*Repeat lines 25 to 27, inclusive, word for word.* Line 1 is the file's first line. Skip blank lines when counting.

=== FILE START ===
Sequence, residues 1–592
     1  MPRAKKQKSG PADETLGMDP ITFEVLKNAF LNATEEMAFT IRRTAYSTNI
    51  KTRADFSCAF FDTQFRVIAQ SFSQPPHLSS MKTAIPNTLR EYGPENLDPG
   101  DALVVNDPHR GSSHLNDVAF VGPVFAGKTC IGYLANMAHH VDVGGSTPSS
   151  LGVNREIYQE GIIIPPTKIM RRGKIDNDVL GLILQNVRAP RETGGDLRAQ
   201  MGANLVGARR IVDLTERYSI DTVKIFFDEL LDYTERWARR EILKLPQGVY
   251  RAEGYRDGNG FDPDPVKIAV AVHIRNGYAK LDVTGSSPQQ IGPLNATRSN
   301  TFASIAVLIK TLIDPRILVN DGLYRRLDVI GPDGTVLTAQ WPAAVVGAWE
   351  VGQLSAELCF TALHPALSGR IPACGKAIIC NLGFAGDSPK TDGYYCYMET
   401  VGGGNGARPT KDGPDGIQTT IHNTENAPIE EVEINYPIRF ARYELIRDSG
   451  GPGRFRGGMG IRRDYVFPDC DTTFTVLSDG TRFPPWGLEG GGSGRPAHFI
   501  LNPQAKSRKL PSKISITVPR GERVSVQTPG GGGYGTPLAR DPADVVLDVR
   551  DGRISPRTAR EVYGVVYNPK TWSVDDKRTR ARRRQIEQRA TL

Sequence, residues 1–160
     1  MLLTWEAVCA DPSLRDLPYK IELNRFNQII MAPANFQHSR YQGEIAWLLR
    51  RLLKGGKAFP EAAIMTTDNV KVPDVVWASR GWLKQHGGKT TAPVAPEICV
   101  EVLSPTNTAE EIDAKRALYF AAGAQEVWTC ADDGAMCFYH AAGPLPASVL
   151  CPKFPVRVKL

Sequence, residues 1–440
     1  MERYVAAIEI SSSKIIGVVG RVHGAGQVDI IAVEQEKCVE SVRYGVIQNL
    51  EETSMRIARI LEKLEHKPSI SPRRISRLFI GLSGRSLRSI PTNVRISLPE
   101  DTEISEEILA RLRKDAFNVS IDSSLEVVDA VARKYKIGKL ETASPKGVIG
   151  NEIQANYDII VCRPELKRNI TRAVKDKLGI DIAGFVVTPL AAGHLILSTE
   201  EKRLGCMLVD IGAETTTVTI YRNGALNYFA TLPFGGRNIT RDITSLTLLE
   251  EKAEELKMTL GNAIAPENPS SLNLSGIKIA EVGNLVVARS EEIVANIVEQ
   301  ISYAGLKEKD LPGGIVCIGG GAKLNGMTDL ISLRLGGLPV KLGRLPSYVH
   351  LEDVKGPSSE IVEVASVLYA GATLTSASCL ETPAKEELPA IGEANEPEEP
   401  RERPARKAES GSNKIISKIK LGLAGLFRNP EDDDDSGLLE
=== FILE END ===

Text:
   251  EKAEELKMTL GNAIAPENPS SLNLSGIKIA EVGNLVVARS EEIVANIVEQ
   301  ISYAGLKEKD LPGGIVCIGG GAKLNGMTDL ISLRLGGLPV KLGRLPSYVH
   351  LEDVKGPSSE IVEVASVLYA GATLTSASCL ETPAKEELPA IGEANEPEEP